At one time, food scientists and dietitians alike thought that lowering the overall fat content in a person’s diet would help prevent cardiovascular disease.
These days, we know that’s not really the case. It’s a little more complex than that.
Rather than eliminating fats altogether, it’s more important to know how to distinguish good fats from bad fats.
You should strive to add the right amount of essential healthy fats, while reducing your consumption of animal-based, saturated fats.
When eaten in excess, saturated fats can increase your risk of cardiovascular disease.
Saturated fats come mainly from animal products, such as red meat, pork, cheese, milk and butter.
These fats should account for less than 10% of your daily calories, or just 200 calories per day.
That’s only about 13 grams of fat, or roughly 3 tablespoons of butter for the whole day. Unfortunately, that’s the amount many people use in just one meal.
If you’re looking for a meal plan rich in healthy fats, look no further than the Mediterranean diet, which is largely plant-based. It emphasizes fruits, vegetables and whole grains, but also offers seafood and lean meat consumption, with limits on red meat and dairy products.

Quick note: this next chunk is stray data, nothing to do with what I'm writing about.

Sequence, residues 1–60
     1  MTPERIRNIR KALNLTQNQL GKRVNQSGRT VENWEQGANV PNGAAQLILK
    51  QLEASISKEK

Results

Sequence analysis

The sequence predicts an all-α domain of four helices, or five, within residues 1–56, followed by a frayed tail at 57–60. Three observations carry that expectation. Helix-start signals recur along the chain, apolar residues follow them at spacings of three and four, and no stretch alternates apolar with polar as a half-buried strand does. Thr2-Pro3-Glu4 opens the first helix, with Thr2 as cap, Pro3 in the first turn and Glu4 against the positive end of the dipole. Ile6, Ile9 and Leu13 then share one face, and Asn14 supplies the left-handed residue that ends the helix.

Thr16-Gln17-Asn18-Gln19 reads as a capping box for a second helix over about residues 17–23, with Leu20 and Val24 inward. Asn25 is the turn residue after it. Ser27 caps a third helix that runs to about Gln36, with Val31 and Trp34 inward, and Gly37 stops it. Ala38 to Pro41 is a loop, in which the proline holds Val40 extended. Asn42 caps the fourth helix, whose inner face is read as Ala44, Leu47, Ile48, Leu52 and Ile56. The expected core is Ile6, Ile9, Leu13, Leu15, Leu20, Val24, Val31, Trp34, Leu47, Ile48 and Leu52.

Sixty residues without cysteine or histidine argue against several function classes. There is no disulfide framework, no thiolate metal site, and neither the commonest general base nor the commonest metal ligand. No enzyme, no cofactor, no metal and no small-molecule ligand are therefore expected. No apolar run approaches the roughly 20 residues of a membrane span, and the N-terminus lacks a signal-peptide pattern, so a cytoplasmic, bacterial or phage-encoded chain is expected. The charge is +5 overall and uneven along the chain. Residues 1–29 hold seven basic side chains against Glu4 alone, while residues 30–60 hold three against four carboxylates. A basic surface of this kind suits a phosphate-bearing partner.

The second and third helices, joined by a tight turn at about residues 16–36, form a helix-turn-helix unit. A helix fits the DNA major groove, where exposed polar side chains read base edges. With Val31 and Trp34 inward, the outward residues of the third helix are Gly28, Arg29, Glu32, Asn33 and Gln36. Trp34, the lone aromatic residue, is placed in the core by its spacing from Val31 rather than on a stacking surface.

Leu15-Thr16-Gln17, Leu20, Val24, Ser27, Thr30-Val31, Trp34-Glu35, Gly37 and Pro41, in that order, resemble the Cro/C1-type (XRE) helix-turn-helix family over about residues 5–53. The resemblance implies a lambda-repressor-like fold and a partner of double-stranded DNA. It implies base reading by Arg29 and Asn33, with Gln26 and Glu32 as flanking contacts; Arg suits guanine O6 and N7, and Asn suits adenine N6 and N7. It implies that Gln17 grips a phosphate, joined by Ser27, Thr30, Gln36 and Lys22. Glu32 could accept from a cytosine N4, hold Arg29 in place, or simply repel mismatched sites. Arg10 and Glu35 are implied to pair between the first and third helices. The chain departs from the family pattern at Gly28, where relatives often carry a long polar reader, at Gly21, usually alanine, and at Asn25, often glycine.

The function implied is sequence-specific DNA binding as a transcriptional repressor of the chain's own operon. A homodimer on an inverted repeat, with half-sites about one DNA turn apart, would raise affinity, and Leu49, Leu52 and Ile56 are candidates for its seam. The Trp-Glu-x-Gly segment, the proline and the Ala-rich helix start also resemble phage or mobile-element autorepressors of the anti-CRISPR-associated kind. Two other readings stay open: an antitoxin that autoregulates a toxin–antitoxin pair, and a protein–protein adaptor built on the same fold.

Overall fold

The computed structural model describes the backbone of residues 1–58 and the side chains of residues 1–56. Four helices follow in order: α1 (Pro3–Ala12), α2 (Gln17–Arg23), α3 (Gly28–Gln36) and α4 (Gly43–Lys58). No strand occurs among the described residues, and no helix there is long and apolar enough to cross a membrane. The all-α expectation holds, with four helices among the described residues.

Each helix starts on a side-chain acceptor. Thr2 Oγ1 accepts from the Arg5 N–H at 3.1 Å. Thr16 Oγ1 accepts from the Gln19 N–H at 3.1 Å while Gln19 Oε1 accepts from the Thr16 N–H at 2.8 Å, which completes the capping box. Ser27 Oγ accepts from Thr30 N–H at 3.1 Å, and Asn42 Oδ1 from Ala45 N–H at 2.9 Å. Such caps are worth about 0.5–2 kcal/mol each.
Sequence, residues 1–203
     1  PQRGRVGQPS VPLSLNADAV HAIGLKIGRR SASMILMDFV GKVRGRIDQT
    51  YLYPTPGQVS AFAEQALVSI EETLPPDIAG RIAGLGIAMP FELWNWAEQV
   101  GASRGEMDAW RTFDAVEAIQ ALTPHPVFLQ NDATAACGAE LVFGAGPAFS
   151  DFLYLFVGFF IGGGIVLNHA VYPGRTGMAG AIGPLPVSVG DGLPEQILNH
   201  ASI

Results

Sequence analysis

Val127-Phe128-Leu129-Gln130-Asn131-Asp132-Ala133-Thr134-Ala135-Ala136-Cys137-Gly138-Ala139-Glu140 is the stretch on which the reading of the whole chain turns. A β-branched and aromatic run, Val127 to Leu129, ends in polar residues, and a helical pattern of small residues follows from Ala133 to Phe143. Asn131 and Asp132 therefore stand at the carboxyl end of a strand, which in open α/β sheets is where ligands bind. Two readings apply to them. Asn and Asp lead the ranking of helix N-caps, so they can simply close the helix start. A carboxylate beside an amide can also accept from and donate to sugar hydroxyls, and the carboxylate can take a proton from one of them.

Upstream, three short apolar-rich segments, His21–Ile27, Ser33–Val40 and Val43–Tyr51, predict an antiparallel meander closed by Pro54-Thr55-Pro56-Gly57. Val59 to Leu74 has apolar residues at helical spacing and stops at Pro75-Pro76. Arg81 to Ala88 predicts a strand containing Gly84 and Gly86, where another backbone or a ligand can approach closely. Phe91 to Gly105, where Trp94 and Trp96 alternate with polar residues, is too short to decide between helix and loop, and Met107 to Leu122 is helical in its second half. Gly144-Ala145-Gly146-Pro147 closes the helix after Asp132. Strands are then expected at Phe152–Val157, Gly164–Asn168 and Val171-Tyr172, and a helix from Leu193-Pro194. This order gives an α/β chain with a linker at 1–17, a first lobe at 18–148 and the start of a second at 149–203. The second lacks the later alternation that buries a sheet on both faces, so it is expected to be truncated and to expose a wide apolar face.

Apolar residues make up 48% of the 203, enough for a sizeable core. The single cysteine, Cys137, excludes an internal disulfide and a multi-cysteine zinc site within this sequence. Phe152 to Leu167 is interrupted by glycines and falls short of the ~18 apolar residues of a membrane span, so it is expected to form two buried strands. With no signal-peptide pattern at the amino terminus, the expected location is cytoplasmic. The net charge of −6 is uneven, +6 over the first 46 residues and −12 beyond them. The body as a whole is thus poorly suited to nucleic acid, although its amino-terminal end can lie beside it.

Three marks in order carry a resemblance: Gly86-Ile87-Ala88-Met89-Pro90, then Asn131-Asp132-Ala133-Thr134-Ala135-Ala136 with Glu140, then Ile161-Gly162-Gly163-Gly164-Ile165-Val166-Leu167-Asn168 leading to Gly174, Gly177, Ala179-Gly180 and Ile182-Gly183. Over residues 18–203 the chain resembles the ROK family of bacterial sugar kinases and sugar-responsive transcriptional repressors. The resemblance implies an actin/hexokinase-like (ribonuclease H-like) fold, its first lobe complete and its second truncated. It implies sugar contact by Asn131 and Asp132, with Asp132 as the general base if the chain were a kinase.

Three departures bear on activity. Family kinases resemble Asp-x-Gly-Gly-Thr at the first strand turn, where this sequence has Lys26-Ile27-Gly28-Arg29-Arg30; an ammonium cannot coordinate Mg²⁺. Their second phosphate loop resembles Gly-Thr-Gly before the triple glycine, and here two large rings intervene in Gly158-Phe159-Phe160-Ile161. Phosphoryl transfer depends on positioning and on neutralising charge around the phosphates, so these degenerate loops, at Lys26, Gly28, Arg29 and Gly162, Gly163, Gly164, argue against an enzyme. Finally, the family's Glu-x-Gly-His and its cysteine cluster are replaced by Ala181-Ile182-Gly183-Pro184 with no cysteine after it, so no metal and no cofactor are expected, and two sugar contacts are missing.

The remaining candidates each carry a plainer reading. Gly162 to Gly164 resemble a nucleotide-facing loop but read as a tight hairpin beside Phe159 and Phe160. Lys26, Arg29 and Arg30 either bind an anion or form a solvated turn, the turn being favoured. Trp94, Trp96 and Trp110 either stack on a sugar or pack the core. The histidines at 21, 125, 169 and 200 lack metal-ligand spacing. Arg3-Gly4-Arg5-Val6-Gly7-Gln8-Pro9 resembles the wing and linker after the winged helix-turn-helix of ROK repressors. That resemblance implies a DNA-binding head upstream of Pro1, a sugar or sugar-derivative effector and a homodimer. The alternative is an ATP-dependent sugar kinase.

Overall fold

Having a diet rich in fruits and vegetables can offer a variety of health benefits, including lower blood pressure and cholesterol, less constipation, prevention of cancer, better oral health and higher fiber.
Fiber can help you feel full for a longer period, which can promote weight loss and provide other benefits. Many studies have shown the Mediterranean diet can even prevent risk of Parkinson’s disease and improve brain health.
The main sources of fat in the Mediterranean diet are plant-based oils, nuts and seeds, as well as a moderate amount healthy fat from seafood.
Examples of healthy fat sources in the Mediterranean diet are olive oil, avocado, flaxseed, walnuts, salmon, tahini, brazil nuts, almonds, tuna, chia seeds and canola oil.
Keep in mind that the Mediterranean diet limits processed and packaged foods.
Canned foods are acceptable, such as canned tuna in water, but be sure to check the sodium content on the nutrition label, because salt is usually a big ingredient in canned products.
A simple tip: Look for “Reduced Sodium” on the packaging label. Also, drain and rinse the contents before you prepare them.
Frozen fruits and vegetables, meanwhile, are dietitian-approved. They typically have as many nutrients as fresh foods.
For frozen foods, be sure there are no hidden sauces or spices pre-mixed in the bag, as those can be heavy in salt and unhealthy fats.
Frozen whole fruit is a great option if you can’t find fresh versions.
The Mediterranean diet excludes most processed foods or pre-packaged foods because they’re typically high in sodium, saturated fat and sugar.
Processed foods found in boxes or bags can contain ingredients and preservatives our body can’t use—and these items are also more likely to lead to chronic disease.
The big benefit of the Mediterranean diet is its focus on fresh produce, whole grains, healthy oils and minimally processed ingredients.
You can add healthy oils into your diet by making some simple swaps, too—nix the butter and go with olive oil or canola oil for cooking.